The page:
We all know the power of using feature services with ArcGIS.com to share our data and maps. These maps become even more powerful when the content automatically updates. GeoRSS feeds allow you to quickly pull content into your map. Well, … Continue reading
At the developer summit this past spring we debuted a functional mobile mapping app built entirely on the ArcGIS Runtime SDK for Android v10.1.1. Today we are proud to announce the app has been released to the open source community … Continue reading
Key features for this release include:
- Improved layer controls for managing dynamic map services, map notes and group layers
- Support for secured services
- Expanded device support (including the Kindle Fire)
- Improved GPS auto-pan functionality
- Stability improvements (sign in, mobile content server, more…) Continue reading
The ArcGIS Viewer for Flex 2.5 release is significant because it includes a new application builder component which offers a new experience for configuring the Viewer, enabling novice users to easily configure and deploy a new web mapping application without programming or configuration file editing. It has been designed to be user friendly and makes the process of creating and deploying a new Flex-based web application very easy. In the application builder, you specify the data content, functionality, and look and feel of the web app, then deploy it.
It is also compatible with Web maps on ArcGIS.com.
Let’s say you’re a farmer or farm real estate broker, and you are evaluating whether or not to buy a piece of land. Your business and your livelihood depends completely on the land and its capability to produce income.
How do you tell the difference between a bad piece of land and a piece of land that has good potential but hasn’t been managed well or has otherwise been neglected? What can the piece of land do, and what is it really worth?
In a time of great uncertainty and volatility in financial markets and real estate valuation, the inherent capability of a piece of land’s soil asset has just become a lot easier to estimate. Image credit: USDA
To help answer these questions, esri has produced two new maps and map layers on arcgis.com. Both are planning-level maps of the economic capability of the United States’ soils. One map shows the economic capability when the soil is irrigated and the other when the soil is not irrigated. These maps are entitled Irrigated Land Capability Class and Non-Irrigated Land Capability Class, respectively.
Both maps are made directly from the SSURGO planning level soil dataset from NRCS. For the more technical among us, we used the MUAGGATT table fields ICCDCD and NICCDCD from SSURGO. Both maps cover the entire USA including Hawaii, Alaska, and Puerto Rico.
At 1:24,000 scale, each part of the United States falls into one of eight broad land capability classes.
The first four classes (1-4) are useful for growing crops, where each class from one to four needs more management or treatment, and has more limitations than the previous class. For example, classes 3 and 4 require more management or treatment than classes 1 and 2.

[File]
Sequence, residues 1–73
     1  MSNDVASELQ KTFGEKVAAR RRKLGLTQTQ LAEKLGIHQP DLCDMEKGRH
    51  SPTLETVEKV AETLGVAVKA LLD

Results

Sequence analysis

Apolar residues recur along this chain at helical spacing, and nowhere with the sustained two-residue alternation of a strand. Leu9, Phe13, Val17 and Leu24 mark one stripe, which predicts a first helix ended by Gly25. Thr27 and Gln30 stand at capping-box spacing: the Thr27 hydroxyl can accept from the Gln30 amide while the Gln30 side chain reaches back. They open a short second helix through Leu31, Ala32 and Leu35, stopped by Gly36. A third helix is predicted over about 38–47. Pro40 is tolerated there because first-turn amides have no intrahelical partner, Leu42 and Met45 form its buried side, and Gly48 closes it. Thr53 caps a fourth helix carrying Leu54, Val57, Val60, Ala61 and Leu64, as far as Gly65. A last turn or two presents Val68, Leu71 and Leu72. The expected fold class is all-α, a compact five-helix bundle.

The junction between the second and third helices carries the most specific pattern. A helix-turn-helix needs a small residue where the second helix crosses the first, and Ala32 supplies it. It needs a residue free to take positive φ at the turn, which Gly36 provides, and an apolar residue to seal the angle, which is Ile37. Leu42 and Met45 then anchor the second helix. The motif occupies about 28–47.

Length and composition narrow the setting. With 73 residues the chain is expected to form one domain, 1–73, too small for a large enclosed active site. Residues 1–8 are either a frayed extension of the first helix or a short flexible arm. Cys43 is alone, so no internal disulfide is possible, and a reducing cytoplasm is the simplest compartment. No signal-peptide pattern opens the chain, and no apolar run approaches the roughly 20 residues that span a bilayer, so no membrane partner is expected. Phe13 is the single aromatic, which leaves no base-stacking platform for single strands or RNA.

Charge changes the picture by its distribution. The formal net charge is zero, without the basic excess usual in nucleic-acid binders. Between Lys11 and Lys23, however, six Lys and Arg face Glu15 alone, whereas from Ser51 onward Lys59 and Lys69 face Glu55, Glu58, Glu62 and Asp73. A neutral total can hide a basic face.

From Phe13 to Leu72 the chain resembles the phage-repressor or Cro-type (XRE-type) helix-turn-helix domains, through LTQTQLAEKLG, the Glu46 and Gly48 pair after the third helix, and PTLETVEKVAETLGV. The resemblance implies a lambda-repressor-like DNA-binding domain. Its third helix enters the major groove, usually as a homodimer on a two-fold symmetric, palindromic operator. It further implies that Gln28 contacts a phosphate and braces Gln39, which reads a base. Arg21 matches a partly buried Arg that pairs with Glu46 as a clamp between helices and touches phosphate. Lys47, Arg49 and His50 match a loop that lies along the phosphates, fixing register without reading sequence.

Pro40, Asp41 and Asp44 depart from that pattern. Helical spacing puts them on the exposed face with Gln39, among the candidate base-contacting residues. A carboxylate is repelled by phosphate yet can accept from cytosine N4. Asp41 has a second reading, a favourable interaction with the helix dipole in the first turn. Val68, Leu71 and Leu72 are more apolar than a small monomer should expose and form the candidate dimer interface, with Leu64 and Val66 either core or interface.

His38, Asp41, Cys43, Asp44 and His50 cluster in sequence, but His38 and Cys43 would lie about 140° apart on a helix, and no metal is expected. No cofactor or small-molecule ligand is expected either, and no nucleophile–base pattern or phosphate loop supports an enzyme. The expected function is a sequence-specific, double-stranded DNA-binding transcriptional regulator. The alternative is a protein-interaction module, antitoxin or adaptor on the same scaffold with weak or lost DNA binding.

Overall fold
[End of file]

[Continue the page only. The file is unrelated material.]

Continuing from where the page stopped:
The last four land capability classes (5-8) are not useful for crops. NRCS recommends these lands be used for things other than crops, like rangeland, forestland, or wildlife habitat. Class eight isn’t even good for forestry, pasture or rangeland, and so instead NRCS recommends those lands be used for recreation, wildlife habitat, watershed, or aesthetic purposes.
These maps feature a color scheme (shown here in 50% transparency) that matches an image of a sample landscape that you see when you click on each soil map unit. This graphic may then be used like a second legend, displaying the eight classes for you on a replica landscape.
Land Capability Class is one of the most important concepts in the US soil dataset SSURGO. Land Capability Class is even used in some states for property tax assessment. In the State of Ohio, for example, the tax code prescribes specifically how to use this map to determine property tax.
Esri plans to release more land capability maps, specifically Land Capability Subclass. We will let you know as soon as these maps are complete and online, and rest assured that the subclasses will be in a format that is easily mashed up with either the Irrigated or Non-Irrigated Capability Class maps.
Special thanks to Michael Dangermond for providing this post. Questions for Michael: firstname.lastname@example.org
latest release of ArcGIS Online, you can now add shapefiles, text files (TXT
and CSV), and GPX files directly to your web map. You can drag data from
your computer onto your map or, with just the click of a button, add it to your
map in the ArcGIS.com
map viewer or ArcGIS
Explorer Online. Once you’ve added your data, you can configure pop-up
windows and change the symbols.
add your data to a web map, the ArcGIS.com map viewer and ArcGIS Explorer
Online automatically add the location information from your file, draw features
for each item, and store the information in the map.
addition to the above-mentioned formats, you can also add Open Geospatial